Well-built middle delts are anatomical gold for physique-minded athletes, enhancing the overall shape of the shoulders and providing the illusion of a smaller waistline. But how should we best train these muscles? Well, the argument could be made for lateral raises, which allow you to target the middle delts in relative isolation. However, that same isolation limits how much intensity (read: weight) you can train with. A better bet, as with most muscle groups, is to start with a compound move that targets the middle delts. Enter the overhead press.
Free-weight overhead presses allow for the use of more weight due to the contribution of other muscle groups, which directs greater tension to the middle delts. As such, overhead presses should come first on most shoulder days, with targeted lateral raises for the middle, front and rear delts following close behind.
But which version of the overhead press is best for emphasizing the shoulder-widening middle delts? Does it matter whether you use dumbbells or barbells? Let’s examine the facts and determine which move is best for keeping those middle delts capped out.
Dumbbell Overhead Press
Arguably the greatest benefit of dumbbells is that they allow a greater range of motion than a barbell does. With that comes greater time under tension and recruitment of the traps, which act to raise the shoulder blades. Using dumbbells also summons more stabilizer muscles to perform the move. In other words, more total muscle fibers are hard at work to perform the dumbbell overhead press. Most of the time this exercise is done seated, but you can also perform it standing, which allows you to go slightly heavier by using your lower body and core to a greater extent.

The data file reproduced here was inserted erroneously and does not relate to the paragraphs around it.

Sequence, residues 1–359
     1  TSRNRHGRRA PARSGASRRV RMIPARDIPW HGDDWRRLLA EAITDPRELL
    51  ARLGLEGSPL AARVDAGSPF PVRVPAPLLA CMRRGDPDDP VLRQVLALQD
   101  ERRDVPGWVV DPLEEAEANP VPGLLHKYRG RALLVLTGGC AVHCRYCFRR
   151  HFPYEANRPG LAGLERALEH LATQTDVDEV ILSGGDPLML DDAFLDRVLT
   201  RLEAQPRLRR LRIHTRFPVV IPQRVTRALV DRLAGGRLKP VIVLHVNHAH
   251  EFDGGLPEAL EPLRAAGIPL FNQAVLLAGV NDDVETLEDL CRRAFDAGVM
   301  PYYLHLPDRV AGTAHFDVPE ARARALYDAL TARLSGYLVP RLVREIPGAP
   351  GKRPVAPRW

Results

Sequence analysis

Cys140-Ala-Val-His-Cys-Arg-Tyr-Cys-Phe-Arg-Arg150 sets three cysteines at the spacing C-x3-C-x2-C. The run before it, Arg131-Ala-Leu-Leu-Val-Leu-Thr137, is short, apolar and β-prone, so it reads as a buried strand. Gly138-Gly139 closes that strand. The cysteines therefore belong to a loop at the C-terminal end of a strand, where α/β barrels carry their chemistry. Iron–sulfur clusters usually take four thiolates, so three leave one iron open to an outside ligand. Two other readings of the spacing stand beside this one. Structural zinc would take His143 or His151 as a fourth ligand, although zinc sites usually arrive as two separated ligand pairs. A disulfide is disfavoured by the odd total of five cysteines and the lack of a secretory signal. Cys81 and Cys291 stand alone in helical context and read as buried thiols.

Barbell Overhead Press
The barbell overhead press is a great multijoint exercise that works all three delt heads. If you don’t have a military bench, try to work inside a power rack where you can adjust the safeties up or down so it’s easy to rack the bar at the end of each set. Take a wide, overhand grip on the bar and be sure to wrap your thumbs around it for safety. If you’re new to this move or you’ve relied mainly on dumbbells for your overhead presses, be aware that you’ll have to lean your head back slightly on each rep to get your chin out of the way of the bar. However, be careful to avoid leaning too far back because that could cause undue stress on your lower back and cervical spine.
WINNER: Dumbbell Overhead Press
Both moves are multijoint in nature and typically done first in your shoulder routine. Two or more sets of muscles and joints work together, in this case the muscles that attach to the elbow and shoulder joints, so the triceps assist. In case you missed it above, dumbbells require the most coordination but also allow the most freedom. Because you keep your elbows out to your sides during standard dumbbell overhead presses, the emphasis remains primarily on the middle delts. In contrast, the standard barbell overhead press requires you to bring the bar in front of your face to your upper chest. If you follow the path of the elbows, you’ll notice that they travel a bit more forward, calling upon the front delts to a greater extent. So although you can move more weight with a barbell, the winner in the middle-delt category is the dumbbell version.